Indian Express – Weekend Edition
Bombay – Saturday, August 8, 1992

Ustad Ali Akbar Khan rates him as one of his most gifted disciples, while connoisseurs recognise in Ken Zuckerman’s felicity with the sarod the soul of his guru’s artistry. Sumit Savur in conversation with the internationally acclaimed Jewish-American sarodist, who has astounded audiences here and abroad with his mastery over the alien instrument. Ken Zuckerman was born to Russian-Jewish parents in America. In 1971 he was swept off his feet by a chance encounter with sarod maestro Ustad Ali Akbar Khan, and has been his ardent disciple since. He directs the Ali Akbar College of Music in Switzerland, while also teaching music at the Music Academy, Basel.

Ken, how do you account for your interest in the sarod?.

It was not so much the sarod, as my fascination with Ustad Ali Akbar Khan, which eventually led me to California to try out a summer studying Indian music. In fact, I began my studies with the sitar. I switched to the sarod later.

Did you already possess a Western classical background?.

I knew classical music, but I was not a practitioner. It was a long-term background, not particularly classically focussed. I was more in to the lighter forms; played the electric guitar, rock’n’roll, the acoustic guitar, did a lot of composing in jazz and folk music. Indian music has such a broad spectrum of expression through its raag vistaar, bols, layakari…

Did you have any communication difficulties?.

Well, the Ustad always spoke to us in English and his accent was a bit difficult initially. He taught us step by step. That made the task of learning less daunting. The main accent was placed on singing. Khansahib led the class in singing and we were encouraged to follow first in singing as closely as we could and later repeat the tune on the same lines with our instruments.
The methodology of teaching was very direct; the terminology came as we went along. As most Indian music is taught by the ear, a general difficulty for most Western students is to give up the eye contact with the music sheet and cultivate the capacity to listen, commit to memory and develop the mental capacity to reproduce music from recollected lessons. It is an education in itself.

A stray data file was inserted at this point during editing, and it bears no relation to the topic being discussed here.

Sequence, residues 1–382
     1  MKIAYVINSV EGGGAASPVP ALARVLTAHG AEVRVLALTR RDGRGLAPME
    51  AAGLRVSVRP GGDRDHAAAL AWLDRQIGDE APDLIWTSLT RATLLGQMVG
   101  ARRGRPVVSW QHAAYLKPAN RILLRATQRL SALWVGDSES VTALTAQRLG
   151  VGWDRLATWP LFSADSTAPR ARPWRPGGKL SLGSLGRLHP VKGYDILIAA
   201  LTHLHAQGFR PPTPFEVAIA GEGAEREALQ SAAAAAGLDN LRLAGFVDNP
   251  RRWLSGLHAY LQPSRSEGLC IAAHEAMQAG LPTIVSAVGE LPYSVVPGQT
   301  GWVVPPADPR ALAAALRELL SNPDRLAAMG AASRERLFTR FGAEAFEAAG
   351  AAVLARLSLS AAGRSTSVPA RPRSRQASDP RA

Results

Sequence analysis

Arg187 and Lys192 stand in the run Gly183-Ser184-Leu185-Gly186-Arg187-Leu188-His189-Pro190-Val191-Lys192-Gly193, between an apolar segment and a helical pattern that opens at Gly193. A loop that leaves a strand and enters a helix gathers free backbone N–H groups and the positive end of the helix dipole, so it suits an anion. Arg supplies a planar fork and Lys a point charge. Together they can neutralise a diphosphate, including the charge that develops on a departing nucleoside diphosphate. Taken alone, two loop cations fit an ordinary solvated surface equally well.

You certainly have assimilated our music very well. How many hours of riyaaz have you put in to attain your level of proficiency?.

Over the years, it has been more intense. Having begun to learn as a young adult, I had to earn a living and as such I had to deny myself the opportunity to exclusively practise on the sarod. Next to my studies, I was always doing something: washing dishes, selling shoes or giving guitar lessons, so my riyaaz was always limited. In these 20 years I have put in the riyaaz of listening to my Khansaab and absorbing all I can. I know I have tried all I can to capture the essence of his style, though I still need to make myself technically more proficient in terms of tayyari.

Tayyari now seems to be the watchword. There is a marked tendency to show off possibilities with the instrument rather than the raga. You, however, seem to favour a quieter melodic line and almost studiously avoid the jazzy crescendo in the progression of the raga..

I have a tendency to go for the lyrical approach and as such my riyaaz has been slanted more on the alap and slow development of the vistaar. The mood of a raga is the essence in Indian music. This is what my Ustad taught us and demonstrated through his playing. If the fundamental melodic line if the raga is sketchy, mere tayyari or striving for speed will not give the desired effect. When I began coming to India, some of these young sarod players in Calcutta would laugh at me because I wasn’t playing very fast. Having learnt outside India, I am lucky I have been out of this vicious circle. (more…)

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